A pause from the usual stuff for a necessary reminder: please keep the comments of a non-personal nature. Talk about the science; if someone makes a mistake, say so, but don’t attack their personalities and intelligence. While I was away from the computer there were a number of comments that turned very nasty toward an individual, and I don’t want that happening here. I did some editing of the worst stuff, but I’d much rather not have to. Yes, I know some very nasty personal things about me have been said in past comments; but while you’re free to defend me when that happens, please don’t say anything offensive about someone else.
The relevant comments, however, did have some content, which I’ve tried to leave in place. They were relating to the Milner $,$$$,$$$ prizes (here’s the NY Times article.) Once-respected Nature News, whose reputation is in precipitous decline within high-energy physics, did a story on the Milner prize in which the only people quoted (other than awardees saying “ooh” and “aah”) were Milner himself and blogger Peter Woit. No matter what you think of the prize [and I have my own serious concerns], it is shocking that an article in Nature on this subject does not quote a single scientist, within or outside the field, whether for or against the prize. I’ve asked for an explanation. Have scientists become invisible? Do we have no rights to express our own opinions anymore? Are we destined to have our fates and research determined by former science students who haven’t been in the field for decades but have become extremely wealthy and/or extremely vocal? Hello? Is anyone sensible still out there?
At least today the same reporter managed to quote George Smoot, who, last time I checked, has actually contributed something to science itself. Maybe Nature News could find a few more real scientists to interview.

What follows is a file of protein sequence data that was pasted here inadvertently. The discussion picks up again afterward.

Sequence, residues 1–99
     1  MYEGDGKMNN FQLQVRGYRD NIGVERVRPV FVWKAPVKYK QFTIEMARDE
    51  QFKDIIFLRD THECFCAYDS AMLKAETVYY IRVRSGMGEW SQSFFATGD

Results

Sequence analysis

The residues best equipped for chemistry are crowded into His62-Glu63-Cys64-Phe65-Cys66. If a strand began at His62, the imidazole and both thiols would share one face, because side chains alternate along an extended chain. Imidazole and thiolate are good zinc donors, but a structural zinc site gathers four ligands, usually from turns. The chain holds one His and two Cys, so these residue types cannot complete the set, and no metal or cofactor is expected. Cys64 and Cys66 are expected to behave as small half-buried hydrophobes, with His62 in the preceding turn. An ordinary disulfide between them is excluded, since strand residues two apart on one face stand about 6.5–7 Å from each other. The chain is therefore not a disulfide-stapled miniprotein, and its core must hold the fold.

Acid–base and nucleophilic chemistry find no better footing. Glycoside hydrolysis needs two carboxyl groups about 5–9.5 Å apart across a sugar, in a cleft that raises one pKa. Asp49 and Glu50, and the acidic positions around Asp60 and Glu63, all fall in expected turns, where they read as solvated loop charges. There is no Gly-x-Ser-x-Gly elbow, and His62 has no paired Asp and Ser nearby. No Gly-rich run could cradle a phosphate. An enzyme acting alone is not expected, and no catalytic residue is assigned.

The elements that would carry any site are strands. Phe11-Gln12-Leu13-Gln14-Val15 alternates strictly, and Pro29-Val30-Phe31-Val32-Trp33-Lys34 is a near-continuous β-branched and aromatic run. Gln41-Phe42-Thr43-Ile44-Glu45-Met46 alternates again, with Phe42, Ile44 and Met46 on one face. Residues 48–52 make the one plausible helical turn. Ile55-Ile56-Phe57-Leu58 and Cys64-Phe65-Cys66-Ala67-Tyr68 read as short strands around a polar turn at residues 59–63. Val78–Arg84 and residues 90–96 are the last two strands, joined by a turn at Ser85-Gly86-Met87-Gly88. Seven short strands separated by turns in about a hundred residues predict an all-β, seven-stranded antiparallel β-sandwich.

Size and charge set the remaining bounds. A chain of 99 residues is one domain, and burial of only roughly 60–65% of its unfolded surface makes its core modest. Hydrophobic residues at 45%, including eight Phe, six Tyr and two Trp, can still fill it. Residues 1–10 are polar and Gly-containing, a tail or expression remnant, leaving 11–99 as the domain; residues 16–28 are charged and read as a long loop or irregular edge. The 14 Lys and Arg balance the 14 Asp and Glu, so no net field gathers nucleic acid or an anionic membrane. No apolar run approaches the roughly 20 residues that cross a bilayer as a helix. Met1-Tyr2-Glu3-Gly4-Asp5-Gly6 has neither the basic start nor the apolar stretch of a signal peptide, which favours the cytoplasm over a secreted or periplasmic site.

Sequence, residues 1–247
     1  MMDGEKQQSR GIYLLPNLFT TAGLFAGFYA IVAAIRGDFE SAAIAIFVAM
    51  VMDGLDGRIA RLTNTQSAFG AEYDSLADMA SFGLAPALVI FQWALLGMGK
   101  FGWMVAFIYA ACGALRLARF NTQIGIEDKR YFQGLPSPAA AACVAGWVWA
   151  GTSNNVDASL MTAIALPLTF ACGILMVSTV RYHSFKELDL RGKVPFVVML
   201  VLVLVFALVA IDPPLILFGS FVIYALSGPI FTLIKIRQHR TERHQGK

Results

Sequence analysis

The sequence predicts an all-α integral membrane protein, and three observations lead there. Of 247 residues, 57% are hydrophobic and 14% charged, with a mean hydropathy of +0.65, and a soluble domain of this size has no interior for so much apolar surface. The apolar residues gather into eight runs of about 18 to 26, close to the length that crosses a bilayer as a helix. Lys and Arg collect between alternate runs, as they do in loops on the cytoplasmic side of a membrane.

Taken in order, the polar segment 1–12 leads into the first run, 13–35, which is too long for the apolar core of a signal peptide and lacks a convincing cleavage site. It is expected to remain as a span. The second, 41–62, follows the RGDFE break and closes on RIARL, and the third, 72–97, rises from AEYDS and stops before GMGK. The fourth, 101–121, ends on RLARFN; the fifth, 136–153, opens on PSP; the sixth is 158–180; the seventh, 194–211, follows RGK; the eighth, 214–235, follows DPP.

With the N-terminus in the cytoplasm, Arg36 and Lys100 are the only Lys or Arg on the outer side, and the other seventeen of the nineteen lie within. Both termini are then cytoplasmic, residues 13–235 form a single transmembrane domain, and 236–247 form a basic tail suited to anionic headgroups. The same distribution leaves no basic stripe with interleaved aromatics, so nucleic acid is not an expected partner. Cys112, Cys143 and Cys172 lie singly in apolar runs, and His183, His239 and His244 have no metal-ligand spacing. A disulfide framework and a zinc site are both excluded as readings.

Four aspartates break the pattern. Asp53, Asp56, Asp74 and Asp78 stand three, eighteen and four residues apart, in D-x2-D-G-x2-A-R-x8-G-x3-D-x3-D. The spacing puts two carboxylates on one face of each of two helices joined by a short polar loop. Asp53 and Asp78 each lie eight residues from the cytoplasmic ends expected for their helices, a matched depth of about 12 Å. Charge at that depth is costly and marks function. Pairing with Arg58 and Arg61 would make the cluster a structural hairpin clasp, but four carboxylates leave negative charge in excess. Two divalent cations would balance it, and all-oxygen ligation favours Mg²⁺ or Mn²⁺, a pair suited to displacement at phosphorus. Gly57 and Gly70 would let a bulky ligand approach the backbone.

Also disturbing is that although part of Woit’s statement in the first article is scientifically inaccurate, Nature published it anyway (and the only counter to it was from non-scientist Milner.) And Scientific American also did not note the error, passing on the article to its readers. Quality control on articles written for public consumption remains a serious problem for communicating particle physics to the public. [Woit said that theories studied by some of the awardees — perhaps Seiberg, and/or perhaps Arkani-Hamed, he didn’t specify — are now ruled out by LHC data. I wish it were true; it would make my job a lot easier. But unfortunately, it takes a very long time for the LHC to rule theories out, because we have to search carefully, and the searches done so far are still by no means complete. And that’s why I, and others doing real work at the LHC, have to spend days at workshops — making sure a sufficiently thorough search is carried out. Only with a proper search can we draw a strong conclusion, worthy of the adjective “scientific”, as to what is and isn’t ruled out by LHC data.]
My own opinion, for what it is worth, is that the Milner Prize’s first step has not been healthy for science. No matter how well-educated a person is about a topic, it is a mistake for that person to award prizes on the basis of his or her own personal opinion, with no advisory committee and no widespread call for nominations. Furthermore, since the awardees will apparently form part or all of the new committee, the project is already in danger of becoming a self-reproducing system. It’s clear to anyone in the field that all of the awardees are obviously deserving of recognition; but they’re all already famous and mostly well-paid. What upsets me is that there is a long, long list of deserving scientists, some of whom have received little recognition despite their important work, and some of whom could really use some research money and/or time off from teaching — and Milner overlooked them all. In short, the first Milner prize round involves hero-worship [BTW, no heroines allowed, it would appear] and that does not obviously serve the public or the scientific process.